end of the school year

5 Learning Activities for the End of the School Year

The end of the school year is in sight, which means students’ attention is waning and teachers are tempted to throw in a movie. Instead, learn through the last minute with these activity ideas!

It’s (hopefully) warm outside, students are excited about summer vacation, and you are more than just a little bit tired. The last few weeks of school are challenging for kids and adults alike, but they can be both fun and educational with a little preparation. Try some of the following ideas to achieve a phenomenal end of the school year.

1. Switch Roles

end of the school yearMost teachers agree that they learn as much from their students as their students learn from them. Make this an intentional experience by switching roles in your classroom. Students probably have lots of outside interests that they would like to share with their classmates and you! Set aside specific times during the end of the school year for interested students to teach a lesson that they have planned. The subject can be something they know all about — playing an instrument, speaking a foreign language, caring for a baby, cooking, or dancing.

2. Take a Look Back

This end of the school year activity not only allows your students to express themselves, but gives you insight on planning for next school year. Talk about projects the class tackled and what most interested them. What activities just didn’t work for them? What was the most surprising thing they learned? How could that really boring unit have been turned around? Also ask what they feared most at the beginning of the year so you can tackle those issues at the beginning of next year with incoming students.

3. Look Forward

end of the school yearDo you have some ideas for next year, but just aren’t sure about them yet? Try them out at the end of the school year. Lots of ideas have been posted on this site and others that may have caught your interest. Would you really like to include more technology in your classroom? Maybe it’s time to try out those digital tools with students you know well and trust. Or those 21st century skills you have read about — pick one and focus on it as a class for that last week of school. Maybe you were intrigued by what you have read about Khan Academy — try a lesson and see if this resource works for your students.

4. And the Winner Is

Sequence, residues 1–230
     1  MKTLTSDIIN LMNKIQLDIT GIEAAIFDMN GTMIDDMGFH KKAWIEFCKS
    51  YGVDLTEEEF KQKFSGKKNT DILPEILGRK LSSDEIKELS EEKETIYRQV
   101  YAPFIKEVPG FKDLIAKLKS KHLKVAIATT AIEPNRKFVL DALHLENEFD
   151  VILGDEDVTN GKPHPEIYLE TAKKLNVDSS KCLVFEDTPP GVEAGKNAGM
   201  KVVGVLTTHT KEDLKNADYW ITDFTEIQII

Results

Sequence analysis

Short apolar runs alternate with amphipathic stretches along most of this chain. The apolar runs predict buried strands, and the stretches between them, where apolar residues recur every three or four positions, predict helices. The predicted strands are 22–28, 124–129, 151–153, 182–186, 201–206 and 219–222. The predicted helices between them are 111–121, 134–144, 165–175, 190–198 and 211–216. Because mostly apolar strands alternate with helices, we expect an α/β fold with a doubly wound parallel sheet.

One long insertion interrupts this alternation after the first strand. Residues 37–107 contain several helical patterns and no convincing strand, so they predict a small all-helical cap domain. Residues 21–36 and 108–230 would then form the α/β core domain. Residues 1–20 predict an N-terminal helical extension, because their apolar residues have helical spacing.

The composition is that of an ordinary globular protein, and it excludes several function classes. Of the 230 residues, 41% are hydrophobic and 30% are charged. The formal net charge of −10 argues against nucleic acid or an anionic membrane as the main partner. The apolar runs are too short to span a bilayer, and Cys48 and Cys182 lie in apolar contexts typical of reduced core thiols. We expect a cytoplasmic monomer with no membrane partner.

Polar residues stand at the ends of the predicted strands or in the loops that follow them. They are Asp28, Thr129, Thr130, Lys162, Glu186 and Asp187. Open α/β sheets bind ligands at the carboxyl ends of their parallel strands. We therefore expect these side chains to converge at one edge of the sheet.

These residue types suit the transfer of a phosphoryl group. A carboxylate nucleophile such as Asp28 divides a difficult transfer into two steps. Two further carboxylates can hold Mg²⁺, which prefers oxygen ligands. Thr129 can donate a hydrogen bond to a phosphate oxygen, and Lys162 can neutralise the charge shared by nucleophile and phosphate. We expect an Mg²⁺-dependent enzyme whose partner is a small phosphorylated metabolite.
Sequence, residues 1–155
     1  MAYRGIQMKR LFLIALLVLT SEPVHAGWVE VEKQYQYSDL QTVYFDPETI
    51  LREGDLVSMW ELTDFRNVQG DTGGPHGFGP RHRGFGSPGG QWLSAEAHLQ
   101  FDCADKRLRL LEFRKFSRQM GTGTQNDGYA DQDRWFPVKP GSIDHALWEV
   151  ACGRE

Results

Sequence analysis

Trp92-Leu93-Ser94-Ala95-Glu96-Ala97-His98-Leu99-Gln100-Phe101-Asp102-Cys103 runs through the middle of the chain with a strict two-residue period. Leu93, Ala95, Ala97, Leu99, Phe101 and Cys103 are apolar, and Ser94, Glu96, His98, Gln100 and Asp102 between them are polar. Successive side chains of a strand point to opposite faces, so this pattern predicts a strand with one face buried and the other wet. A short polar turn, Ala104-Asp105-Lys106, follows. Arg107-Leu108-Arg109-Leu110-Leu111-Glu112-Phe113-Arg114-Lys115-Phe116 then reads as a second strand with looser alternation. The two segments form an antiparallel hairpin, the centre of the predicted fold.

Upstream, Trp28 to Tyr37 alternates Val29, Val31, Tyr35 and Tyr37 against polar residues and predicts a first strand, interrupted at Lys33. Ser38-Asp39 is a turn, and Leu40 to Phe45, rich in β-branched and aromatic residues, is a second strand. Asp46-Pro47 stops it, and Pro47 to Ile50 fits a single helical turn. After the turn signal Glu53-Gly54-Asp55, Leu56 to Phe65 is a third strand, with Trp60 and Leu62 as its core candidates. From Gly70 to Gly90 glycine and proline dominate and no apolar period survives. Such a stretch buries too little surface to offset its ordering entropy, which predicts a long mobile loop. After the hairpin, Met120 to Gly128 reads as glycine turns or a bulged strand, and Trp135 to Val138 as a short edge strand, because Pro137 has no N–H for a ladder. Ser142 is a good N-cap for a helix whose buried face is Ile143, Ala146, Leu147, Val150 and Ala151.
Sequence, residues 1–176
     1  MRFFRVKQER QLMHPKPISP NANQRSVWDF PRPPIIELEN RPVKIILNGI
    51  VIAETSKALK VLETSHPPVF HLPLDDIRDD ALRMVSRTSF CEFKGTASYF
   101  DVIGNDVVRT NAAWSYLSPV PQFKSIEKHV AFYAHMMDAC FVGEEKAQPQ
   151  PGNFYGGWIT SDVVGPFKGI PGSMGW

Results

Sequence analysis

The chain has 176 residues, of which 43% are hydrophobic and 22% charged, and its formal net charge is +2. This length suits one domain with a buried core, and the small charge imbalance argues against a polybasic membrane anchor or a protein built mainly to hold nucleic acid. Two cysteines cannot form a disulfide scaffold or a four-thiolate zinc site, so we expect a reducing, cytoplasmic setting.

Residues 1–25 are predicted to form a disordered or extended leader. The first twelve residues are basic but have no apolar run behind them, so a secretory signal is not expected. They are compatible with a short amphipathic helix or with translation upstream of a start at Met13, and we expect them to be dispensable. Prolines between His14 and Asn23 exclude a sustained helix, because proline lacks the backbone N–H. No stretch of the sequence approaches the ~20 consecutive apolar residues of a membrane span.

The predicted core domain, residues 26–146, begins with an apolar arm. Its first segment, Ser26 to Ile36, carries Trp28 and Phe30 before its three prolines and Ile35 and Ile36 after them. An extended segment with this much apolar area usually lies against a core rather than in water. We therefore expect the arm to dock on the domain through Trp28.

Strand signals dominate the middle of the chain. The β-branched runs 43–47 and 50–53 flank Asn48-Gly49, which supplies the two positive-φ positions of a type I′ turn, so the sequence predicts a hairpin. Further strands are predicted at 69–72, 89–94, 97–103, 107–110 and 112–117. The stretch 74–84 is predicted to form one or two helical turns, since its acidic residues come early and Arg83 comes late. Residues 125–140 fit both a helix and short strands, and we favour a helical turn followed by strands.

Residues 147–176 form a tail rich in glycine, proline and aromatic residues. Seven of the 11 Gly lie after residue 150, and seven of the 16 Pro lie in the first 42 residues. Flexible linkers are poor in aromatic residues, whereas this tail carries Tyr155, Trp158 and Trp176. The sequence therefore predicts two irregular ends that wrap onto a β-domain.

Everybody likes to know that something they did mattered and was noticed. A great end of the school year activity is to give recognition for your students’ achievements. The awards can be simple certificates or notes given for serious academic accomplishments, or more lighthearted recognition of best laugh or most helpful. The class will be reminded of not only what they learned this year, but that they had fun, too. If you decide to do superlatives, though, exercise common sense. Awards like “Most Likely to Bomb the School” are obviously a bad idea, yet that exact superlative recently appeared in a school’s yearbook. Awards can be funny, but ensure they are building students up rather than tearing them down or reinforcing stereotypes.

5. Don’t Forget the Parents

end of the school yearIndividual notes may be too time consuming for you to tackle, but a letter to your students’ parents can convey your appreciation for their support this year. Those who volunteered with special projects or shared their time and talents with your class can be recognized. You can also encourage parents to make the summer an opportunity for learning by suggesting free learning tools (websites and apps), local educational attractions (state and national parks, museums, science centers, aquariums, etc.), and a recommended book list for summer reading.

The end of the school year will be a fantastic finale if these steps are taken to prepare some special classroom activities. Don’t let your students just zone out, watch a movie, or play games while you try to sort through all the stuff that has accumulated this year. Let them join you in learning up to the very last minute, and have a great time doing it!

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Sue Hamilton

Sue is a Pennsylvania native and graduate of Indiana University of Pennsylvania, where she earned a B.S. degree in English. She worked as a radio newscaster and newspaper reporter before becoming a paralegal in a small civil law firm. Reading is her passion and Sue is an avid volunteer with her community library.

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